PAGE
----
Sydney - Once crudely dismissed as a sport for "wogs" and unfit for real men, football has shaken off its minority past to become an established part of Australia's crowded sporting landscape.
Less than a generation ago Australians used the racial insult "wogs" to refer to the migrant communities that football took root in - primarily from eastern Europe and the Mediterranean - giving rise to the derogatory term "wogball" for football.
Media portrayed football fans as violence-prone hooligans - a stereotype that still endures - although the sport itself was derided as "soft" because it lacked the physical contact of the oval-ball codes.
"It was nothing really to do with soccer at all, it was just prejudice against the migrants that drove this," football historian Roy Hay told AFP.
Traditional attitudes to football are summed up by the title of influential ex-player and broadcaster Johnny Warren's 2002 book, "Sheilas, Wogs and Poofters" - women, immigrants and homosexuals.
"'Sheilas', 'wogs' and 'poofters' were considered the second-class citizens of the day and if you played soccer, you were considered one of them," explained Warren, who died in 2004.
"That's how soccer was regarded back then and, to some extent, still is today."
The sport was introduced by British migrants in the late 19th century and enjoyed a surge in popularity with a wave of new arrivals from Europe after World War II.
But it remained outside the mainstream as rugby league, rugby union and Australian Rules continued to dominate, along with cricket in the summer.
The late football commentator Les Murray said attitudes began to change when the 2002 World Cup in Korea and Japan offered Australians time-zone friendly kick-offs.
Even though the Socceroos were not in the tournament, television ratings exceeded those of rugby league and Australian Rules, proving there was latent mainstream interest in the game.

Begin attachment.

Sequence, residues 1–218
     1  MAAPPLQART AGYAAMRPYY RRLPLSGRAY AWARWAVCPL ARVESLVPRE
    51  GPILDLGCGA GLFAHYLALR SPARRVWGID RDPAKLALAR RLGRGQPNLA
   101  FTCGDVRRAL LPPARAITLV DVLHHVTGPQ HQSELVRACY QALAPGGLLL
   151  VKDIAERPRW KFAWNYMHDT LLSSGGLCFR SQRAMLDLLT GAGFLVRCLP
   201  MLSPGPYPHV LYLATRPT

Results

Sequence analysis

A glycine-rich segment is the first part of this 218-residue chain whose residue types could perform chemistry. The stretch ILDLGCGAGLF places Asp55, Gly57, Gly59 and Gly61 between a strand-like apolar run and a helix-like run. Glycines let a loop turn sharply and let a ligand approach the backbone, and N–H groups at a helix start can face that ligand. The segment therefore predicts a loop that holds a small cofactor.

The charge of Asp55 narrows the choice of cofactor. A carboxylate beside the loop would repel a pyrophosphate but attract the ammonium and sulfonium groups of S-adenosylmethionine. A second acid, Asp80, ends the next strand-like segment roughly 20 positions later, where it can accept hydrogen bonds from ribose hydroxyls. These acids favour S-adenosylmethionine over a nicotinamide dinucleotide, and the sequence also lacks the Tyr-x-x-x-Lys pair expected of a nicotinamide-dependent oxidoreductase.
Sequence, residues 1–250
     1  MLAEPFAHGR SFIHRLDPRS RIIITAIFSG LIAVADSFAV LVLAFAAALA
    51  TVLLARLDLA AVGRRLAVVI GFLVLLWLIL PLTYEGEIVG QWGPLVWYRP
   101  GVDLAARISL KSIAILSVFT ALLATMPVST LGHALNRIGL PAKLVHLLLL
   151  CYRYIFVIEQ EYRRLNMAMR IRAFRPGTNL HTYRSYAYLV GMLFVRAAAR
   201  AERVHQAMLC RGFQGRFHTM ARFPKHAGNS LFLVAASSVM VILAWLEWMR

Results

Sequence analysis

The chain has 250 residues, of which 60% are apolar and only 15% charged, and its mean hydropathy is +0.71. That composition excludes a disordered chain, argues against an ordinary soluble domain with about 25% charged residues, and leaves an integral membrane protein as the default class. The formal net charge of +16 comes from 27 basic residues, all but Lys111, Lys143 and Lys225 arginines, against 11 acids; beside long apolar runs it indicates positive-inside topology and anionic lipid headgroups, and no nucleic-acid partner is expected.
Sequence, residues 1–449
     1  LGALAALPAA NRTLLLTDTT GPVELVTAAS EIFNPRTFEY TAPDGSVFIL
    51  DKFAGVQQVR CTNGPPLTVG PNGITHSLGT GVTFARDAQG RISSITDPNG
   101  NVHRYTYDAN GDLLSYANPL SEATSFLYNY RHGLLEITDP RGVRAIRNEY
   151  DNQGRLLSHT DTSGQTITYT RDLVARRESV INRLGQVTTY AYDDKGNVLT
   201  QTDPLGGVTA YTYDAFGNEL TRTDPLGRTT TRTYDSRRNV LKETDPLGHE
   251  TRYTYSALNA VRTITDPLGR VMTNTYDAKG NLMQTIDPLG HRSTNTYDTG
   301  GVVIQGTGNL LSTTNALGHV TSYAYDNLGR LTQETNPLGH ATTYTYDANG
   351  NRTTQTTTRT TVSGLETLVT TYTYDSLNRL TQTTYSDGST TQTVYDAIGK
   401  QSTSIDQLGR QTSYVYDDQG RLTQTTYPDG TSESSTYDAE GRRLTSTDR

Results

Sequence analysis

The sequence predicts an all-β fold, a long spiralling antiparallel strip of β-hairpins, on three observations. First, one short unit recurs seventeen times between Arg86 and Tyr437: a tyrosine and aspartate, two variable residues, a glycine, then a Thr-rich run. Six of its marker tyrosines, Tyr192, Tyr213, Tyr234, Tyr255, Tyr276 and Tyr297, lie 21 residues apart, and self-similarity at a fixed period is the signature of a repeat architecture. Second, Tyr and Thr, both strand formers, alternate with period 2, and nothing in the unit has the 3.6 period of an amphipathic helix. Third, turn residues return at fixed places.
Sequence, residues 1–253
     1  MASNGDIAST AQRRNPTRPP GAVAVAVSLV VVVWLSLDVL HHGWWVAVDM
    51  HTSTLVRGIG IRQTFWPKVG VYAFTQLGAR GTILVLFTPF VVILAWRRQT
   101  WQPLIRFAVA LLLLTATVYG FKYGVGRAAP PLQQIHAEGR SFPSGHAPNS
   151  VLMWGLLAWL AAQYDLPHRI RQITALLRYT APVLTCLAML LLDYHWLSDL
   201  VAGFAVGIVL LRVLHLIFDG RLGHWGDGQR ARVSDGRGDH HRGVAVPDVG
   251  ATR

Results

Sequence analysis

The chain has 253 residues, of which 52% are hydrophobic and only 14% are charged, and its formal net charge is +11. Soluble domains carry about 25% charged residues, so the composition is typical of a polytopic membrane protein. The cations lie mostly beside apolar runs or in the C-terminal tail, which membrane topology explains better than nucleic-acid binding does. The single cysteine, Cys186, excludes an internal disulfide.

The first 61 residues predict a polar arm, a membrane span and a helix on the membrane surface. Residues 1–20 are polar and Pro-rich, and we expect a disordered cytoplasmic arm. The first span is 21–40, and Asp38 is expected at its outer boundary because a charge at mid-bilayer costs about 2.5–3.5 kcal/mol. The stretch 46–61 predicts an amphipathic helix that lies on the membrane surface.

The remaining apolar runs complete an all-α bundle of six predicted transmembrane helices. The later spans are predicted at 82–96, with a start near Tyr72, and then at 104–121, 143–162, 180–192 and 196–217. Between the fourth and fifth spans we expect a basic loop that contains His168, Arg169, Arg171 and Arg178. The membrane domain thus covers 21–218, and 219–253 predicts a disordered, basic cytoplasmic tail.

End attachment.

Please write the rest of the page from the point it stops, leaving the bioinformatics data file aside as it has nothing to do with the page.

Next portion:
It ignited in 2006 when the Socceroos made the last 16 of the World Cup in Germany, falling to Italy when the eventual champions were awarded a controversial last-gasp penalty.
Players such as Tim Cahill, Harry Kewell and Mark Viduka - previously known only to football afficionados - became national heroes overnight.
Australia also cannily switched from Oceania to the Asian Football Confederation (AFC) in 2006, easing their World Cup qualification route and gaining access to the AFC Champions League.
At the same time, the domestic game experienced a revolution under the newly formed Football Federation Australia (FFA), chaired by shopping centre billionaire Frank Lowy.
FFA sidelined ethnic-based clubs and introduced the franchise-based A-League, initially allowing only one club per city.
The idea was that local fans, regardless of background, would have no choice but to support their team, ending the divisions that had kept the game in an ethnic ghetto.
High-profile players such as Alessandro Del Piero, David Villa, Robbie Fowler and Shinji Ono were brought in to give the league added box-office appeal.
The strategy succeeded in establishing an elite-level competition supported by a wide cross-section of fans.
However, Hay said that FFA had moved to root out ethnic influence at all levels of the game, not just the top tier, leaving many at the grassroots feeling disenfranchised.
"It really had an appalling effect on the people who had built the game up since WWII," he said "Some of those wounds are still there."
Hay was also concerned that new migrants from areas such as Asia, Africa and the Middle East were missing the opportunity to form clubs as those from Croatia, Greece and Italy did previously.
"They'd benefit from a club with which they could identify, in the same way as the migrant clubs of the 1950s and 1960s," he said.
"It acts as a bridge into Australian society."
The historian said Australia was also cutting off a source of player talent.
"There's a lot of football played in these communities, but it's all outside FFA's remit," he said.
"So they're not using FFA facilities, not using FFA-accredited referees, instead they're playing pick-up games in the park."
Hay said that rather than ignoring its migrant heritage, Australian football could benefit by embracing it at grassroots level to nurture talent for the elite game.